Photograph of Heian Shrine (平安神宮) gardens, Kyoto
Lecture given in 2016 as part of The Third Ishibashi Foundation Lecture Series – Japanese Gardens: To Whom Do They Belong?
Professor Toshio Watanabe’s lecture How the West Interacted with Japanese Gardens provided a fascinating insight into the relationship between the Western world and the Japanese garden. Toshio’s discussion covered early encounters the West had with Japanese gardens both in person and through publications, how interactions between the West and Japan influenced the perception of Japanese gardens and examples of ‘Japanese gardens’ from all over the world.
Although individuals from the West had travelled to Japan and visited gardens, it was at international exhibitions where most people first encountered Japanese gardens e.g. Weltausstellung (1873). These events influenced not only the Western image of Japanese gardens and culture but, by extension, Japan as a whole. This was utilised by the Japanese government as a form of soft diplomacy. The role of politics in these events is exemplified by the Panama-Pacific International Exposition (1915) in San Fransisco, where Japan threatened to pull out of the expo due to the treatment of Japanese immigrants in San Fransisco (an upcoming vote on whether to ban Japanese immigrants from owning land). In order to mollify Japan and keep them in the expo, the vote was delayed. Despite the anti-Japanese sentiments prevalent at the time, the Japanese garden at the expo was still highly reviewed and thoroughly appreciated.
English-language publications, at the time, defined the Western view of Japanese gardens. Although these publications were informative and increased interest in Japan, some lead to the propagation of misinformation. A revealing example of this, prevalent even today, is the association of Japanese gardens with spirituality. It was Loraine E.Kuck’s successive books on Japanese gardens, including One Hundred Kyoto Gardens (1935), that linked Ryōanji Garden to Zen Buddhism. This link was then repeated frequently. Part of the entrenchment of the association between Japanese gardens with spirituality is due to the Japanese seizing the connotation as a means with which to promote Japan. This highlights how false connotations have become associated with Japanese gardens.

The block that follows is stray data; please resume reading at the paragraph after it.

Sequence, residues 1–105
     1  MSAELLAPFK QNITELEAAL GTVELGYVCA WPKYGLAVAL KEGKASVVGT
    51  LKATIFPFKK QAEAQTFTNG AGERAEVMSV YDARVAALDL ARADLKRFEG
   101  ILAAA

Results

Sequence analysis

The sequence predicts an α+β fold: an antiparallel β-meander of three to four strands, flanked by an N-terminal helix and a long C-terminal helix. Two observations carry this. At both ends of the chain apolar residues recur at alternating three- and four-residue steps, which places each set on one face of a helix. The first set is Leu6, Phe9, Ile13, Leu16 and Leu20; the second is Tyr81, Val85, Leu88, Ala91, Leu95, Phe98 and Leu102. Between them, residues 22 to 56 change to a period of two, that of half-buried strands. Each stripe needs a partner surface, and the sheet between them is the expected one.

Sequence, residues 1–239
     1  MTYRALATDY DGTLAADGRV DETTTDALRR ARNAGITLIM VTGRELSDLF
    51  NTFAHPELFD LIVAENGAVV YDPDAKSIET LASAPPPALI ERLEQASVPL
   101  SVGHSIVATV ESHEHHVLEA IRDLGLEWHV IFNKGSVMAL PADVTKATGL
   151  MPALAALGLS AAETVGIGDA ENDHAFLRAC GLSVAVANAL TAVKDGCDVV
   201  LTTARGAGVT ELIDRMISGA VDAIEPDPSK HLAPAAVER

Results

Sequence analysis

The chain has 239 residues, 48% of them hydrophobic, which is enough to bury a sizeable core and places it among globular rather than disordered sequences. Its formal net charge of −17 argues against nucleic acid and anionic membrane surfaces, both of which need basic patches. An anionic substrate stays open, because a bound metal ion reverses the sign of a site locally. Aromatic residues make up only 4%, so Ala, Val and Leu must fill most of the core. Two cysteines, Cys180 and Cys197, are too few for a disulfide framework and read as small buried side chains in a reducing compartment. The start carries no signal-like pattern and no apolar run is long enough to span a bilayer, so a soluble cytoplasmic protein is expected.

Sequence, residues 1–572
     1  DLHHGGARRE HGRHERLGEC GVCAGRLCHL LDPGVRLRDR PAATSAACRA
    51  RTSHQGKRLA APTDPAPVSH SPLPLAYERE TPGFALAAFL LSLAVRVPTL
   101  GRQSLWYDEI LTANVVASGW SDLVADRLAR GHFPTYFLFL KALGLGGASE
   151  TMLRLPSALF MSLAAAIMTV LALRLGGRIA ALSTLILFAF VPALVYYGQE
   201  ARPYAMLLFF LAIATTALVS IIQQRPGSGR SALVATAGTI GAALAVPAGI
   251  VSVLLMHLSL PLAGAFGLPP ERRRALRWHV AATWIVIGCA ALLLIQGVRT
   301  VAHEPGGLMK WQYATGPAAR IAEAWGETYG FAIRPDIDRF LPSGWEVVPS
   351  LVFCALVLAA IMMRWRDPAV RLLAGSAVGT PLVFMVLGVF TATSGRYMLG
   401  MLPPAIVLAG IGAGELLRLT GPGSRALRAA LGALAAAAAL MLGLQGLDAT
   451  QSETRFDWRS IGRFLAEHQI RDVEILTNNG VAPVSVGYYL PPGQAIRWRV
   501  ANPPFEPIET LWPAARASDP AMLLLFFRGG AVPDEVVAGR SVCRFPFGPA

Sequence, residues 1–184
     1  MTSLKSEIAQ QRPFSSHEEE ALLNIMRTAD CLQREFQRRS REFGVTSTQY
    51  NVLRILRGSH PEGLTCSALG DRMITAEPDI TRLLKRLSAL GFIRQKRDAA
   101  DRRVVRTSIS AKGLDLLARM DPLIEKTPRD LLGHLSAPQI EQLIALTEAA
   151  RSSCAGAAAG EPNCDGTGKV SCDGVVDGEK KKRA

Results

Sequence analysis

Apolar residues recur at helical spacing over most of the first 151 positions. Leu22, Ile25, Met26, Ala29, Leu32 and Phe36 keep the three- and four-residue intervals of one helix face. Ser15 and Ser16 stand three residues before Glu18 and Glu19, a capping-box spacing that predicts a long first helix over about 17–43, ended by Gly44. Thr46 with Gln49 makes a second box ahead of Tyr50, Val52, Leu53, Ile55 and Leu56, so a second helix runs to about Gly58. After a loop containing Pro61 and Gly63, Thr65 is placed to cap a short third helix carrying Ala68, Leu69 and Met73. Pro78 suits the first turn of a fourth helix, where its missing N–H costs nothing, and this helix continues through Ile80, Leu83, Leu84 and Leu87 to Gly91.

Today, there are ‘Japanese gardens’ to be found on nearly every continent, but this then raises the question of what qualifies as a ‘Japanese garden’? Defining ‘Japanese garden’ is not a facile exercise, as innumerable difficulties arise: Is it a garden in Japan? If so, then the ‘Japanese gardens’ at international exhibitions (which defined early ideas) do not qualify. Is it a garden designed by a Japanese person? Then a ‘Japanese person’ must also be defined and, in an increasingly multicultural world, would an individual whose parents are both Japanese but was born and raised in Britain qualify? Perhaps a Japanese garden can be defined by the use of Japanese plants? But would simply selecting Japanese plants be enough to constitute a garden? How important is the relationship with nature in defining a ‘Japanese garden’?
Analysis of the lecture has suggested three significant factors to be aware of when studying Japanese gardens: the difficulties which arise with definition; the embedded quality of soft diplomacy; the really problematic area of false connotations.